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Category: Economics

Bank of England’s next 20 years could be spent fighting QE’s sting

As the Bank of England marks 20 years of independence from Whitehall, it may find its ability to curb future inflation jeopardised by t...

28 September 2017

Alex Matchett

As the Bank of England marks 20 years of independence from Whitehall, it may find its ability to curb future inflation jeopardised by the legacy of the mass money printing it has undertaken over the last decade

Threadneedle Street is celebrating 20 years of independence from government this week with a series of speeches and seminars from policy makers and economists. Giving his opening remarks on Thursday morning, the Bank of England’s governor, Mark Carney, described the difficulties of inflation management that led to the Bank’s independence, referencing the fact prices had risen “by 750% in the 25 years to 1992, more than over the previous 250 years”.

Unsurprisingly Carney went on to make clear he saw “price stability as the unambiguous aim of monetary policy,” before cautioning: “Now monetary policy isn’t best placed to address risks to financial stability – but the challenge is that the necessary financial policy decisions are also subject to time inconsistency problems.”

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Carney attributed such “time inconsistency” to the competing aims of financial markets, saying lobbies are strong, and their temptations of a dash for growth are powerful. “Conversely, there are no obvious or immediate rewards to the tough decisions necessary to avoid future crises. In the world of financial stability, success is an orphan.”

In addition to these caveats, there were further potential red flags. The governor warned of the challenges of Brexit and against bringing inflation back to target too quickly. Likewise his statement that we should not confuse “independence with omnipotence,” sagely describes his task while admitting inflation could well be beyond his control.

In 2017 this matters because in the ten years since the financial crisis the Bank of England, along with the US Federal Reserve, the Bank of Japan and the European Central Bank, has been printing huge sums of money through quantitative easing, hoping to keep liquidity up and interest rates down.

Speaking to Citywire recently, Newton’s Paul Flood highlighted the unparalleled level of money creation. Saying the combined balance sheets of those four central banks was US$2.2 trillion in 1999. It is now US$14.4 trillion: a 650% rise in less than two decades. “This is not capitalism as we know it: it’s manipulation. The sheer scale of central bank intervention has been extraordinary. Even if QE were to stop tomorrow this would take decades to work through the system.” The below table illustrates the level of money creation through government bonds.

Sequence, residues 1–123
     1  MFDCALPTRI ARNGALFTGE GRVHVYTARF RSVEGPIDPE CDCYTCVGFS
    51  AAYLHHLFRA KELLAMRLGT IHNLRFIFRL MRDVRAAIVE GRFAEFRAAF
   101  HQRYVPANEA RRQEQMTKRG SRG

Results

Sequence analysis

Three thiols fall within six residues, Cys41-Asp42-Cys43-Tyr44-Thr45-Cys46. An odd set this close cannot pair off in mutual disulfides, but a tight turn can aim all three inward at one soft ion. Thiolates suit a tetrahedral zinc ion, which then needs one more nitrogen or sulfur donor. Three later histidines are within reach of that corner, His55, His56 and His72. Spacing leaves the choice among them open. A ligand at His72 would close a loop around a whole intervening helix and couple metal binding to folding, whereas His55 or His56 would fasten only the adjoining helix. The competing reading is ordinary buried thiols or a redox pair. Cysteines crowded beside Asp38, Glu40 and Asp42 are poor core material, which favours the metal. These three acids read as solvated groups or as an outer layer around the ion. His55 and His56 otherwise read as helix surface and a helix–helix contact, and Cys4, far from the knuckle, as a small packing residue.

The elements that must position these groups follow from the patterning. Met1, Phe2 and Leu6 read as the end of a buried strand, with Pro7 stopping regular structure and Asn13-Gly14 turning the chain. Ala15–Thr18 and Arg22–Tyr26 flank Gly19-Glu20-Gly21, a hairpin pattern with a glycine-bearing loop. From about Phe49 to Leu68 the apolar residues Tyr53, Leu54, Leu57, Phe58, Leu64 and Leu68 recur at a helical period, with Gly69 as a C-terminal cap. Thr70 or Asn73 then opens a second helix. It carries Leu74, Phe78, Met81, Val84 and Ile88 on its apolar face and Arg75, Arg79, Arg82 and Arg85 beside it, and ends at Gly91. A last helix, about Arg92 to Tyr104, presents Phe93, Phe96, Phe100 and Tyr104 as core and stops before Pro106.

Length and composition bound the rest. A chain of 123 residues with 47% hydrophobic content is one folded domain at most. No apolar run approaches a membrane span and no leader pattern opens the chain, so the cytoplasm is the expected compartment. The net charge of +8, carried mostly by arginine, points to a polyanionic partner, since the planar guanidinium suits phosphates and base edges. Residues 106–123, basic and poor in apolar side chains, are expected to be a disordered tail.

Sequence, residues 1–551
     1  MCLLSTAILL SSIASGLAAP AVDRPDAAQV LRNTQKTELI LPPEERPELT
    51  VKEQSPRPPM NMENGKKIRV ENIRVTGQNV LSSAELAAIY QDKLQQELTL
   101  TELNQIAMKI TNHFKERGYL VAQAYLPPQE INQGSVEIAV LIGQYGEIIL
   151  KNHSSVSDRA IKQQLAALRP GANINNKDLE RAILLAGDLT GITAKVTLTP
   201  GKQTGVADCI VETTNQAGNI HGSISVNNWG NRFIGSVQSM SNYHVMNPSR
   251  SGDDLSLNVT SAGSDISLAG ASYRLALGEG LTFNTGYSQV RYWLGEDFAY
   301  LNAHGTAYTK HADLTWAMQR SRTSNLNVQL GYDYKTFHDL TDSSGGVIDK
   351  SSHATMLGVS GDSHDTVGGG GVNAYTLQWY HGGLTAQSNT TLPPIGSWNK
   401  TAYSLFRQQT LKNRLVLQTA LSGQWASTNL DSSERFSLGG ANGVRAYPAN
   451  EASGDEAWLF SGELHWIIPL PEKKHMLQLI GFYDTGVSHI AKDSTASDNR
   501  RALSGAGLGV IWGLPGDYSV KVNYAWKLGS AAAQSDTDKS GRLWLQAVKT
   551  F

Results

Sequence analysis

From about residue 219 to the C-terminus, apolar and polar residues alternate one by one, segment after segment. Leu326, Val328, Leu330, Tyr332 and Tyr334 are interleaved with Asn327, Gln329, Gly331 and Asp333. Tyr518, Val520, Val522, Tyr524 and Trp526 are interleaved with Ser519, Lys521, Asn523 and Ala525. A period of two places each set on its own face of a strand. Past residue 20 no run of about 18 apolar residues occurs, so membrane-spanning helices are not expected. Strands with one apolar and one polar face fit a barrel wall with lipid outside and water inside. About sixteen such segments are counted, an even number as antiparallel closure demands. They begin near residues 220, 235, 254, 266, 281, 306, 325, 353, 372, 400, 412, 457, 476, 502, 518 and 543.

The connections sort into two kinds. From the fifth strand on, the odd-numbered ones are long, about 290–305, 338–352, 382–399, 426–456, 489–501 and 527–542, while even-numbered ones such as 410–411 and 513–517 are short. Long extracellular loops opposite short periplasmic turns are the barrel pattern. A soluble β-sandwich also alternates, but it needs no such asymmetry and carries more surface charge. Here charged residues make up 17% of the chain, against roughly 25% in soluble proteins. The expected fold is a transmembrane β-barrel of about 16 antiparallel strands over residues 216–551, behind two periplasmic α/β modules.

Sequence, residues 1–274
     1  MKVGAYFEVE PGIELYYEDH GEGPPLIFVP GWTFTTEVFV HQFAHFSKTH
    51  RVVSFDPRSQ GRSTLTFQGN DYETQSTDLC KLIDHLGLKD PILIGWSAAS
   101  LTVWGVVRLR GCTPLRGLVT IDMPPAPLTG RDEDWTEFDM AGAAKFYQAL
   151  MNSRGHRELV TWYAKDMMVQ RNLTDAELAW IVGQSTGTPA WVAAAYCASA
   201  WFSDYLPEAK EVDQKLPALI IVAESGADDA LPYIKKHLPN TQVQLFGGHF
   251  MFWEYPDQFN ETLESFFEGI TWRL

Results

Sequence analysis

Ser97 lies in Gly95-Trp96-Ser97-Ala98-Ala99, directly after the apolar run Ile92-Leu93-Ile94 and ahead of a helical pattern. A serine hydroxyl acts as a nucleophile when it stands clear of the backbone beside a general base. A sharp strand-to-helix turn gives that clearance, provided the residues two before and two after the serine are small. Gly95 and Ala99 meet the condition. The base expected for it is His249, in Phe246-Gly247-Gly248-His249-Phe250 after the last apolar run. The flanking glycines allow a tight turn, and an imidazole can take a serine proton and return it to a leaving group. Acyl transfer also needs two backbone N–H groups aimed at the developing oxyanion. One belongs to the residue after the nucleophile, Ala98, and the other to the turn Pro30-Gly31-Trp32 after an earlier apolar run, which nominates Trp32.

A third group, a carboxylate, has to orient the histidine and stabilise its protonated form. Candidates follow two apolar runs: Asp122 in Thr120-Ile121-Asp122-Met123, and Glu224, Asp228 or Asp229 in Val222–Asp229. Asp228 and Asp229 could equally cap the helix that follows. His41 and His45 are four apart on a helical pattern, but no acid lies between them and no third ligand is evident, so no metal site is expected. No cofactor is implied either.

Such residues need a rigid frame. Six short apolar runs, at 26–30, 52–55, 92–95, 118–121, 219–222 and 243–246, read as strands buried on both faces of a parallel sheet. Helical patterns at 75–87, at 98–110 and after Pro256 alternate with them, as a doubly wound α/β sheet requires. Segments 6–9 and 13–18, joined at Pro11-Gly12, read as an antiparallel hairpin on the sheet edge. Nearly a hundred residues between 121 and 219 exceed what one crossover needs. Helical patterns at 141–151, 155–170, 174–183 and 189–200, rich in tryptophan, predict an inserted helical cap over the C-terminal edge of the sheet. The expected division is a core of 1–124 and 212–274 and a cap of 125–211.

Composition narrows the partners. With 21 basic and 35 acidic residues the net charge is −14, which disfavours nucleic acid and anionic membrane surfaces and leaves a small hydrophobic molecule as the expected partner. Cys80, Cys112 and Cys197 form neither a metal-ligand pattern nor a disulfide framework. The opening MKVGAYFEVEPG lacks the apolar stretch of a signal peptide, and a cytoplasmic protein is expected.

Sharing the stage with Carney, Theresa May credited his, and his predecessors’, efforts as having “successfully anchored inflation expectations”. However, with such high levels of money creation and inflation already moving prices well beyond pay-rises, the difference between “expectations” and reality could become more stark.

In a speech already framed as a repost to Labour leader Jeremy Corbyn’s calls for an end to austerity and more economic intervention, the prime minister praised the free market as the “greatest agent of collective human progress ever created”. She emphasised this by contrasting it with systems of central planning, “in countries such as Venezuela”, a state notable for runaway inflation and subsequent food shortages. (The price of a dollar was 31.45 bolivars four years ago, the official rate is 10 to the dollar, but black market rates are in the thousands: CNN quoted 9,787.75 in July).

For the reasons both May and Carney highlighted, the UK is unlikely to experience anything like that just yet. However, if growth continues to shrink we may see a contraction at a time when inflation, buoyed by a decade of unprecedented quantitative easing, is about to start climbing. We might then see every central banker’s worst nightmare: stagflation.

On marking 20 years of political independence, the Bank or England is now trying to determine what the next 20 years will look like. The prime minister credited the Bank’s independence with making levels of 22% inflation seem “outlandish to us today”. The money printing policies of the last ten years could now lead to the deluge that undoes that. More worrying than that though, could be that both government and central banks, having printed the money then admitted they are not omnipotent, are now unarmed to deal with such a threat.

Main image: Mark Carney addresses an inflation briefing in 2013, copyrite: Bank of England

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